How to setup an AWS EC2 instance

The recent developement in data storage and processing have been motivated by the increasing amount and complexity of data available to individuals and companies. Most of these recent advancements require sophisticated and powerful hardware. Aspiring data scientists must be able to understand and master these new tools.

For instance, given the computer power required to carry out training of algorithms, these are usually carried out “on the cloud” (i.e. by remote access to a virtual machine) which avoid to buy and maintain very expensive hardware especially if the peak usage is only occasional. Cloud computing allow to perform these very intensive tasks and must now be part of the toolbox of any data scientist.

One of the most popular service provider is Amazon which provide an IaaS (infrastructure as a service) with AWS. I have to admit that the AWS interface is dauting and might be very offputting for a beginner. I started using AWS back in 2012 to run Monte Carlo simulations because back then I had a cheap computer and I followed classes on two campuses and the one with the powerful computers I would go to only every other week. I recently stumbled upon my notes when I was trying to figure out how to launch an AWS instance and realized how much the interface had changed since then. I thus decided to update them and in the process to make them available to anyone starting out with AWS.

I assume that the reader already has an AWS account and has a basic knowledge of the Linux terminal commands. If not, here is a quick tutorial. Setting up an EC2 (Elastic Cloud Compute) is a matter of 5 steps:

As I said before, since the computing resource is in the cloud, we need to access it remotely, in order to do so securely, we use an ssh connection that will require a key pair. You can generate one by going into the AWS EC2 dashboard:

1–1. AWS services dashboard (select EC2)

And then you need to select the Key Pairs tab:

1–2. EC2 Dashboard (select Key Pairs)

You can now create a key pair:

1–3. Key pairs list

You only need to give the key pair a name:

1–4. Create new key pair

This will download the key pair in a .pem file. It is not possible to connect to the instance without this file so do not lose it. I repeat: DO. NOT. LOSE. IT. You can still retrieve your instance in this case, AWS provides some information here. Some additional precautions must be taken to ensure that only the administrator can read this file by using this command in the terminal (after a cd in the directory where the file was downloaded):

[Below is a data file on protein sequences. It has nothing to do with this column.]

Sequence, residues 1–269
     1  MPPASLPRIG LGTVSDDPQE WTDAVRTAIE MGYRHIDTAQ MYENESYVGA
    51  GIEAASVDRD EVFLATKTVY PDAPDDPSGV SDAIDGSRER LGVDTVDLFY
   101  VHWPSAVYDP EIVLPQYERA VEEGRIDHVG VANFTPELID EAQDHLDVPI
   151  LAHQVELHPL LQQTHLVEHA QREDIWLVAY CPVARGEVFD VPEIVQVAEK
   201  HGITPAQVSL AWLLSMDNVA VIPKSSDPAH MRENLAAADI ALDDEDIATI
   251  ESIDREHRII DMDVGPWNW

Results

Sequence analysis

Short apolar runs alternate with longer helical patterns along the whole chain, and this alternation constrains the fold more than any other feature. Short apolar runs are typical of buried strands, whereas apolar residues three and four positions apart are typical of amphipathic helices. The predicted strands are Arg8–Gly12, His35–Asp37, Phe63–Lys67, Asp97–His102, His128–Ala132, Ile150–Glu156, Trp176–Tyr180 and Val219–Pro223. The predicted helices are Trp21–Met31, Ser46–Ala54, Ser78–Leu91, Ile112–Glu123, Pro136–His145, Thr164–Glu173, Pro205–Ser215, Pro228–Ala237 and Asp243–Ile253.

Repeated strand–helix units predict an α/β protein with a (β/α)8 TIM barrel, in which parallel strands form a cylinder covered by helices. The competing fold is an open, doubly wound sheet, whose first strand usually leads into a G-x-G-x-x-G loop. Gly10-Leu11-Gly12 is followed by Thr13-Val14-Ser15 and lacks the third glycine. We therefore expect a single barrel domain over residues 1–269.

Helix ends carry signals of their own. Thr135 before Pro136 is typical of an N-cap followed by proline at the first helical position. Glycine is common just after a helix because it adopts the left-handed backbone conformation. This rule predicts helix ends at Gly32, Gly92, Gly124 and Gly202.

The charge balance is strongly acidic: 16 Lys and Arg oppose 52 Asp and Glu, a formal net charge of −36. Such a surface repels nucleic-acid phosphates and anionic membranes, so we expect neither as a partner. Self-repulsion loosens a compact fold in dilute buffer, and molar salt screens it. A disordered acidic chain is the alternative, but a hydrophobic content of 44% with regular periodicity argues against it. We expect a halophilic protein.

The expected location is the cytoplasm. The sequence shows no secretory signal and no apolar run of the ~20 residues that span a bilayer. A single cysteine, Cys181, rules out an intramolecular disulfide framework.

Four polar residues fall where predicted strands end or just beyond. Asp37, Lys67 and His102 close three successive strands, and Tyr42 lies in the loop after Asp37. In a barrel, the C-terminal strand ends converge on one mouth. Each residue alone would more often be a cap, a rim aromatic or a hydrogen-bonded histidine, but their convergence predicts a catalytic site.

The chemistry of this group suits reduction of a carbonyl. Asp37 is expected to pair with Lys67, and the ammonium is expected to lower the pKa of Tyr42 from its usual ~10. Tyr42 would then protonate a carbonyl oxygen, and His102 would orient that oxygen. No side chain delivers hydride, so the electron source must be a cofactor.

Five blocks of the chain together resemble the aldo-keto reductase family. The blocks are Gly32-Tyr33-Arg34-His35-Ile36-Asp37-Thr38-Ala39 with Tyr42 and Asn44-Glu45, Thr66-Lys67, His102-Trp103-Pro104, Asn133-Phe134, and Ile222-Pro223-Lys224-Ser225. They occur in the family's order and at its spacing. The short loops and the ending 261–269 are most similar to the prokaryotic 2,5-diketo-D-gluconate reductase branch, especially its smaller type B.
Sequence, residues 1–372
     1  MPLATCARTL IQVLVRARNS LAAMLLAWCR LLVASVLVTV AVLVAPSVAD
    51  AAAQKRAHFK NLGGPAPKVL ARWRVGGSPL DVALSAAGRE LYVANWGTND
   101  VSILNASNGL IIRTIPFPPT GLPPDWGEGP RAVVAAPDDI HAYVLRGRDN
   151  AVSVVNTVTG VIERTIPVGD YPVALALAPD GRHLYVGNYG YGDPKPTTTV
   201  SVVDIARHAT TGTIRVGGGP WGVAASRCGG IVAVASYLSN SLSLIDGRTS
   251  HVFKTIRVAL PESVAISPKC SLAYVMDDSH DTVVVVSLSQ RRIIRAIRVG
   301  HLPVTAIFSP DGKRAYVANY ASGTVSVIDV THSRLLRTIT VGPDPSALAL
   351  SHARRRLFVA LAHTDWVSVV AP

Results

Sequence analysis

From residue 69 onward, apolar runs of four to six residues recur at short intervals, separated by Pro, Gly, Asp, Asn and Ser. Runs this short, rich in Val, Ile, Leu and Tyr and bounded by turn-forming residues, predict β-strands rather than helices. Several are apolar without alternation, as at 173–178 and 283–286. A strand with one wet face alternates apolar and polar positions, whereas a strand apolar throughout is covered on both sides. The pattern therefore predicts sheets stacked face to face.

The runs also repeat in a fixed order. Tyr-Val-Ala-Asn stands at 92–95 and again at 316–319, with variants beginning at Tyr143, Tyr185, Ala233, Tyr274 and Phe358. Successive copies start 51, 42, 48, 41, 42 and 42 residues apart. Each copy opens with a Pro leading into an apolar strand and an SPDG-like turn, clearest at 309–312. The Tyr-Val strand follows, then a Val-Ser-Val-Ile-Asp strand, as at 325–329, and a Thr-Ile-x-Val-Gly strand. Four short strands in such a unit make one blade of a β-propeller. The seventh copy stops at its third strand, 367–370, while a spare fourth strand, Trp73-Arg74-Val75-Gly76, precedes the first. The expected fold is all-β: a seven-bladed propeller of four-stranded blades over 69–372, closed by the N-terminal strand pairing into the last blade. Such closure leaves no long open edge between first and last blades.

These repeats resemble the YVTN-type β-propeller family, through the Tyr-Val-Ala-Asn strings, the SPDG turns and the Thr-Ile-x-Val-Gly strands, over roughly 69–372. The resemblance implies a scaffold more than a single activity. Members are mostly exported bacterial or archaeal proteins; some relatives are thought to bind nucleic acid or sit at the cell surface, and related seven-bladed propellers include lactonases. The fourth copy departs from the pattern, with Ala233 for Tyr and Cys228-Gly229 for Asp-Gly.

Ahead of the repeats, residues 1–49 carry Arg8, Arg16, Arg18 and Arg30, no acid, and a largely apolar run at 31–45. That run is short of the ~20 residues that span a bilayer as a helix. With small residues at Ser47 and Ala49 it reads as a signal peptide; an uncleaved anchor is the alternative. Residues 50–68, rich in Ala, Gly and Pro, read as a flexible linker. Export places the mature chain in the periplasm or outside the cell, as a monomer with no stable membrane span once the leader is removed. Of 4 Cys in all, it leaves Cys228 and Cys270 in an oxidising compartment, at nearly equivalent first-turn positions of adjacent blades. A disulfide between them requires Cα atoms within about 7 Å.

chmod 400 myec2instance.pem

Now that you have you key pair, you need to create a new user. This step is not required if only one user connects to the instance, but necessary if the connection is shared (setup access rights). To do so, one need to go to the IAM (Identity and Access Management) section:

2–1. Services (IAM)

Then add a new user:

2–2. Users list

the new user name must be completed and its access (programmatic and/or through the AWS console):

2–3. Add user

When all of this is chosen, the user permission must be chosen (this is the most important step). Here since we have only one user, we setup administrator rights:

2–4. Set permission

Then you can download the user access IDs:

2–5. New user created

Now that the new user is created, it is possible to access the AWS plateform with the link provided in the downloaded csv:

2–5. Login

New users do not have root access, only the original account has. In any case, I would advise against using the root access for doing this tutorial: it is just best practice not to get to know the interface with a root access.

Not only this is best practice, it is in your best interest to set up a billing alert. This is no joke. I have seen plenty of horror stories on reddit on this subject matter. It only takes 5 minutes and it can save you some headaches. You first need to go to CloudWatch US East (N. Virginia) region where the billing alerts are handled.

3–1. CloudWatch US East (N. Virginia) region

Then type billing in the metric search bar and select Total Estimated Charge:

3–2. Select Metric

Then select the EstimatedCharges metric in the “All Metric” tab:

3–3. Select the metric

And then in the “Graphed Metric” tab we can now set an alarm:

3–4. Setup alarm

Then it is possible to choose the threshold amount and the email address to contact when the estimated cost reaches this level:

3–5. Set up alarm level and notification list

Now that we have created an alert, we can dive in. Virtual machines can be intanciated in then EC2 Dashboard. It can be accessed as follows:

4–1. EC2 service

Back to the EC2 dashboard, and in the “Instances” select “Launch Instance”:

4–2. Launch Instance

The new instance OS is chosen among the available images on AWS (here I choose Ubuntu Server 16.04 LTS).

4–3. Choose AMI (Ubuntu Server 16.04 LTS)

Following this, the computing power of the instance must be chosen. There are many options. For a test, it is better to choose a small, general purpose configuration:

4–4. Choose Instance Type

Before launching the virtual machine, the last step is to choose the key pair associated.

4–5. Choose Key Pair

After a few minutes, the new instance should be running. It is possible to check in the EC2 dashboard:

5–1. EC2 Running instances

By clicking on the 1 Running Instances link, we get:

5–2 Instance Description

Now, in order to connect to the instance remotely, we need to do it through an SSH client, the key pair will allow us to securely connect to the server:

ssh -i myec2instance.pem ubuntu@[EC2 Public DNS]

And you are all set. Some of my upcoming posts (Docker, API with Flask,…) will require to setup an EC2 instance, then this tutorial will come in handy if you still follow me then.

Principal Data scientist. I write about Machine learning, C++ and Python coding.

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